Until the 1960s, collective action theorists were little concerned with the organization of social movements. The focus of their research was on explaining individual participation in social movements; such participation was assumed to be relatively rare, and participants to be arational or irrational (Jenkins 1983:528). In response to the massive increase in social movement participation in the 1960s, resource mobilization theory was formulated. It shifted attention away from the psychology of the individual to the social movement organization and the resources which such organizations mobilize for their ends.
While resource mobilization theory takes the important step of recognizing the role of organizations in the rise and fall of social ovements, it does not adequately address the variety of organizational forms that movement participants create. This shortcoming stems from the theory's assumption that actors are rational and self-interested. It is assumed that organization is based on rational principles rather than ideology. Yet ideology plays a central role in the organization of PMO's.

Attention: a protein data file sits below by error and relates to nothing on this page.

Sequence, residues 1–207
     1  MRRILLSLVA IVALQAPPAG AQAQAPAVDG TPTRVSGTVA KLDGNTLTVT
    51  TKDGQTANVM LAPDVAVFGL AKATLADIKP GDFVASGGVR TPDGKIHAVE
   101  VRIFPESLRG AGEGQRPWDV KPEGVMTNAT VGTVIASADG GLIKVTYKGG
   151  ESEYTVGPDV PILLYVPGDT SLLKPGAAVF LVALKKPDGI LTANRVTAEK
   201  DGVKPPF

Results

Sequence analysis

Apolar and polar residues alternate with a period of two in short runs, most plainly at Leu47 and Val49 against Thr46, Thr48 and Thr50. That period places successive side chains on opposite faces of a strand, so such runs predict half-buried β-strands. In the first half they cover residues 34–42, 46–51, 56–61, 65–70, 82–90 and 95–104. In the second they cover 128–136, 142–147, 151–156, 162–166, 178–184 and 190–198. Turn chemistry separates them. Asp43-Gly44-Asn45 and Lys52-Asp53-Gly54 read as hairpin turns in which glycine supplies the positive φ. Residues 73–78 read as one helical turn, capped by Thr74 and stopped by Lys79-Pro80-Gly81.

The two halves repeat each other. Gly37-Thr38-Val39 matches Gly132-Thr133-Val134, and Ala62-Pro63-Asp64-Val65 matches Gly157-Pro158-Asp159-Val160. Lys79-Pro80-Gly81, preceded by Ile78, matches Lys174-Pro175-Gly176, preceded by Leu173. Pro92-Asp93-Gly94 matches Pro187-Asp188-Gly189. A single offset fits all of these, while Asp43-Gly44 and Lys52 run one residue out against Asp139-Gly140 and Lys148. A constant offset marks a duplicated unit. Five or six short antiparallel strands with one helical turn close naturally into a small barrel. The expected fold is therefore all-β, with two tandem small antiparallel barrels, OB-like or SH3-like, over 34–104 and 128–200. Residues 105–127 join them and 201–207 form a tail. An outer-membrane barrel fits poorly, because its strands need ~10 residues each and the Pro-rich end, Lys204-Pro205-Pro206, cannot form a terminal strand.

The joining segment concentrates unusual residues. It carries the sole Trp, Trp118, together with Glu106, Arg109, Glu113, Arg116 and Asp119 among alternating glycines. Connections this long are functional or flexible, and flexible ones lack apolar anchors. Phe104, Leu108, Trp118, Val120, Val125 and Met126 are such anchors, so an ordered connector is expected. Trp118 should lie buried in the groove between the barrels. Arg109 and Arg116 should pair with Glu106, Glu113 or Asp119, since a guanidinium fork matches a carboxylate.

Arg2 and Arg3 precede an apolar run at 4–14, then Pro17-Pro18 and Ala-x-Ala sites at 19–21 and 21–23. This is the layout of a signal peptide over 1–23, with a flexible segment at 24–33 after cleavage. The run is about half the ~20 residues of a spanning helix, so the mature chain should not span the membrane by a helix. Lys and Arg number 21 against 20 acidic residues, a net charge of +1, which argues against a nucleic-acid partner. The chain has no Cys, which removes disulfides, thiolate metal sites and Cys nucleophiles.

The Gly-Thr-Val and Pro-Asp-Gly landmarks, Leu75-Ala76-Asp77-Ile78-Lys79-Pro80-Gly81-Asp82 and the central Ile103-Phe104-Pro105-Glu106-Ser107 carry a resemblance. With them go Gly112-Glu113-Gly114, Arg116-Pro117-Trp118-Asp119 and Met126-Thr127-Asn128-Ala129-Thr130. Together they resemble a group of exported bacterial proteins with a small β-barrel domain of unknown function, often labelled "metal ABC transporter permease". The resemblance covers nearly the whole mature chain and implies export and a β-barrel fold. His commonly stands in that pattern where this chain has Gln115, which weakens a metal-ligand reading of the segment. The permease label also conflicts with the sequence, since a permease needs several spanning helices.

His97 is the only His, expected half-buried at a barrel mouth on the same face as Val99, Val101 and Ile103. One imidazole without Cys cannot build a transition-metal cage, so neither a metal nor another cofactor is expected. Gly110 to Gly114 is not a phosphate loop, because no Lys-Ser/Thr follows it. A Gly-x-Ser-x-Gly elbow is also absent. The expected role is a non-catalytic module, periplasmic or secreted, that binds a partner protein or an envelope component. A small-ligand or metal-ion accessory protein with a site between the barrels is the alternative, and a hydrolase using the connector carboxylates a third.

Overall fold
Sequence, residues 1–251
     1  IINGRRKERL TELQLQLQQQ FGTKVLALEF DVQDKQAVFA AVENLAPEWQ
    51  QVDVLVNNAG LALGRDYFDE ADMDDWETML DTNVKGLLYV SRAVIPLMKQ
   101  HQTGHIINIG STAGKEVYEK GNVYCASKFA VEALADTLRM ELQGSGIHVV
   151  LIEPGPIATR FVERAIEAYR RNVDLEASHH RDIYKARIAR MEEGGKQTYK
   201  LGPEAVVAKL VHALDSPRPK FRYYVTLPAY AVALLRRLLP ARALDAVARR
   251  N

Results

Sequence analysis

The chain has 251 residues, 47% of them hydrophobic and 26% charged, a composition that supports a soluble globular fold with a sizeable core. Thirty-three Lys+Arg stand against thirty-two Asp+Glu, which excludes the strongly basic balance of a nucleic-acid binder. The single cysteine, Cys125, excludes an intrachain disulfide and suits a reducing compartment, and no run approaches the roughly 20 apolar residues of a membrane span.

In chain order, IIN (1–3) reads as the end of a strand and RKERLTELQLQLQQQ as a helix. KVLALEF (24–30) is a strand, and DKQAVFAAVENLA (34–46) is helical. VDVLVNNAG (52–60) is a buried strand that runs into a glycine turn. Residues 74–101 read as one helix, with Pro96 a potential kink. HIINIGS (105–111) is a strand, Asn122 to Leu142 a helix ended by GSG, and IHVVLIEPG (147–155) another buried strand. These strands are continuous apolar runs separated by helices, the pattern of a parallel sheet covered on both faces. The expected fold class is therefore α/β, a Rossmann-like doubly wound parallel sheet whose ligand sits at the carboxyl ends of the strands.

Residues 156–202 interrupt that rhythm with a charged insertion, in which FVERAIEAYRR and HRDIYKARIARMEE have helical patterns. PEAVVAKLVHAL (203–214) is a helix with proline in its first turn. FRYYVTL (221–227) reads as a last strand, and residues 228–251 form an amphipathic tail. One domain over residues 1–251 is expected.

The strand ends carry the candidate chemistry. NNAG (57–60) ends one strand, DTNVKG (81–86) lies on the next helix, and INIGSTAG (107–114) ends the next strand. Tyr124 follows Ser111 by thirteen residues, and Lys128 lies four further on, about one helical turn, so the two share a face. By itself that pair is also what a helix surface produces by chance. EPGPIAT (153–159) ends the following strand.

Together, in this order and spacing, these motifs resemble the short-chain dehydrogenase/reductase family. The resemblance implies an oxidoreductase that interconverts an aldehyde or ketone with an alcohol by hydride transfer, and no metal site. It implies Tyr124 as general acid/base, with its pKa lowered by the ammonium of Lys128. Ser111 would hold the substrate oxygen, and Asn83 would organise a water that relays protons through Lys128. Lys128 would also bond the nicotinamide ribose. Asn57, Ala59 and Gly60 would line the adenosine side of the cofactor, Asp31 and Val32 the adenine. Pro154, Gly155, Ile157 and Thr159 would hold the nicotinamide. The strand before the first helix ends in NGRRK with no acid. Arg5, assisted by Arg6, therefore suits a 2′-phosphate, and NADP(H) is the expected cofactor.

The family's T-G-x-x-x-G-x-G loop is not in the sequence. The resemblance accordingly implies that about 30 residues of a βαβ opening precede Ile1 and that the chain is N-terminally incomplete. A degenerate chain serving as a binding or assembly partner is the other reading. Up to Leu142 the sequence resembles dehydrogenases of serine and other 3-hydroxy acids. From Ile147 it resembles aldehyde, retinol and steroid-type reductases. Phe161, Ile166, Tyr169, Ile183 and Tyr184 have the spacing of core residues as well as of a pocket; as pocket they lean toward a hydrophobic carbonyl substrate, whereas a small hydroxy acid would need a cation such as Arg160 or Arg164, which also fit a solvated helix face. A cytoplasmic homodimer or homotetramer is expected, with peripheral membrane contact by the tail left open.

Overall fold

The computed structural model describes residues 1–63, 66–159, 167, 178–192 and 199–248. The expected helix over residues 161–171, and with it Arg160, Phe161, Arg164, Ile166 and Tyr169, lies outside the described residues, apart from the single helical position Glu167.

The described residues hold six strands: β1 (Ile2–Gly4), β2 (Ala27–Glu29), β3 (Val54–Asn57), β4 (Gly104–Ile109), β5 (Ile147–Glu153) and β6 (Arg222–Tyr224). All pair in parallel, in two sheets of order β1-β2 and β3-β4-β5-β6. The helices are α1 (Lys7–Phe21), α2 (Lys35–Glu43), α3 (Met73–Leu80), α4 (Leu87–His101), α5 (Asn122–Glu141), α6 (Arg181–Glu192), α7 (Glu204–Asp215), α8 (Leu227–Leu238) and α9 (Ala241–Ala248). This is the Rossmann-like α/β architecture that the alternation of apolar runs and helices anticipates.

The key to explaining peace movement organization is understanding the purposes of PMO's. The particular organizational form adopted by a movement depends on its goals (Zald and Ash 1966) and its identity (Downey 1986:360). If the primary goal of a social movement organization is personal change, then decentralized structures with a minimum division of labor are argued to be more effective, because they generate personal bonds and solidarity. If the goal is instrumental change, then centralized structures with a clear division of labor are more efficient, because decisions can be made more quickly (McCarthy and Zald 1977). But even while this analysis acknowledges the effect of a movement's goals on its organization, it posits a dichotomy between instrumental action and expressive action to which grass-roots PMO's do not subscribe. In such organizations, participants self-consciously create organizational forms that serve as means to achieve some instrumental goal and as ends in themselves. Two such ends are the self-empowerment of participants, and the creation of nonviolent social structures within the organization. (Nonviolent social structures are those in which each individual has a say in making those decisions that affect her or his life.) The instrumental goal of PMO's is, of course, nuclear disarmament.